Here's looking at you, kid
A GAME of hide-and-seek was just one of the ways that a mother and her energetic two-year-old daughter occupied time while waiting for dad to pick them up.
For Ms Ong Si Ying, now 23, and her mother, Madam Lee Geok Mui, 53, enjoying the cool breeze and playing at a void deck of a Housing Board block in Clementi Avenue 4 was a daily affair back in 1992.
Ms Ong, who would have spent the day at her grandmother's nearby flat, would always be running around and "climbing up and down" the benches and chairs there, Madam Lee recounted in Mandarin.
It might have been over 20 years ago, but, thanks to a photograph which Ms Ong's father snapped, the memories are as fresh as yesterday's.
The photograph - depicting a tender moment between mother and daughter - was one of 10 winning entries in My Paper's My Memories photo contest this year. The contest asked readers to send in photos of their years growing up in Singapore.
Ms Ong, who chose the photograph after flipping through some old photo albums, said it was particularly meaningful to her.
"It's been a very long time since we played (together)...My mum is older now and I have grown up," said Ms Ong, a risk-assurance associate.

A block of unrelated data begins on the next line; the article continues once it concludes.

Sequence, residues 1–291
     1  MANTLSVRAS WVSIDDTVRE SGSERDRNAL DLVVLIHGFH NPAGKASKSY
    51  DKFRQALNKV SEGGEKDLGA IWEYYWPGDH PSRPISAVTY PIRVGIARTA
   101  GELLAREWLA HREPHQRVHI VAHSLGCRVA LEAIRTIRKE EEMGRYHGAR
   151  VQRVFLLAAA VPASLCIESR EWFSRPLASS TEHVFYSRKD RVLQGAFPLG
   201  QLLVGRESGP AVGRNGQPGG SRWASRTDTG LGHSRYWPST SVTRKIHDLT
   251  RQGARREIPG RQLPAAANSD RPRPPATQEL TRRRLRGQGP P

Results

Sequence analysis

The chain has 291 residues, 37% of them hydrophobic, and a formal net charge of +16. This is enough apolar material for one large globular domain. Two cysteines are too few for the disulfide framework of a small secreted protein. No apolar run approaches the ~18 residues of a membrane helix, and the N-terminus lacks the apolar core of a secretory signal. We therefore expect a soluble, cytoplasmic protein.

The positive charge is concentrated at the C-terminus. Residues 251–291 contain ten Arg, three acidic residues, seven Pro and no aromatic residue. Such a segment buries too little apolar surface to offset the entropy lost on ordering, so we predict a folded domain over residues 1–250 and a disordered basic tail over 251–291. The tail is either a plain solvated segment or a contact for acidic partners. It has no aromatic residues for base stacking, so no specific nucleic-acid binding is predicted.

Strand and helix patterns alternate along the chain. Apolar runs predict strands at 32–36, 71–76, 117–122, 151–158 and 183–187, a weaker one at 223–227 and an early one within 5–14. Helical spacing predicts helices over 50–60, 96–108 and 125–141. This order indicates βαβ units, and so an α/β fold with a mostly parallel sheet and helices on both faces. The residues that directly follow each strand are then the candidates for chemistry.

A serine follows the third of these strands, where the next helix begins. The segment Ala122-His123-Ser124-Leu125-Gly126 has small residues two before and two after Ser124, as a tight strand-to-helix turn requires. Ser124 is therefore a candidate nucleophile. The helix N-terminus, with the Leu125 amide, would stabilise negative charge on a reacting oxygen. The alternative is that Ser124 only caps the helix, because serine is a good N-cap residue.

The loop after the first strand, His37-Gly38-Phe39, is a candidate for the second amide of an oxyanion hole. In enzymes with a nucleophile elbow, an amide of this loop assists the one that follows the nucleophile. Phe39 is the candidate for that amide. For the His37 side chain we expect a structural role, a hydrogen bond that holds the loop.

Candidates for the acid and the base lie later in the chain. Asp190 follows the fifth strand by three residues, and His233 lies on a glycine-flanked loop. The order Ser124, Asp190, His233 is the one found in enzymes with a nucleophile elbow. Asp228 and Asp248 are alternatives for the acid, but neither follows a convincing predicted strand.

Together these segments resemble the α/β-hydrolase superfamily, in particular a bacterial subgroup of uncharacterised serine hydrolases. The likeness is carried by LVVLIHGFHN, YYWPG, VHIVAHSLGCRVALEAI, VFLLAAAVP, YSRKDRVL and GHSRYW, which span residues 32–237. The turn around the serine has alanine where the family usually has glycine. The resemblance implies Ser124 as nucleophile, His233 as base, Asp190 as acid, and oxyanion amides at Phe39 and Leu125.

Madam Lee, an oil-rig designer, said dotingly: "These days, we seldom see each other, especially when she's working late and I'm asleep when she gets home."
Noting how the void deck and its surroundings have changed over the years, she said that there used to be a mural on one of the walls, as seen in the photograph. It has since been removed.
"We thought (the mural) would make a nice backdrop for some photos...If not for it, we might not have taken the photograph...It depicted people from different races, in traditional dresses," she said.
Ms Ong, who won a pair of tickets to the National Day Parade (NDP) today for her photo entry, will be giving them to her mother and 19-year-old brother, who have not attended the parade.
Another contest winner, Ms Amelia Chua, 20, said her photo entry depicted how a simple corridor outside her flat in Potong Pasir was a place where many friendships and memories were forged.
Her entry showed her as a three-year-old - being carried by her sister, then 11 - together with neighbours who lived just two doors away.
While the corridor space was confined, it did not limit the type of games that Ms Chua said she and her neighbours would think up, from playing catch to hide-and-seek, and having tea parties.
Ms Chua, a medical student at the National University of Singapore, said: "(The corridor) was a common place for us to hang out, where we would not disturb our parents...and we did our own thing."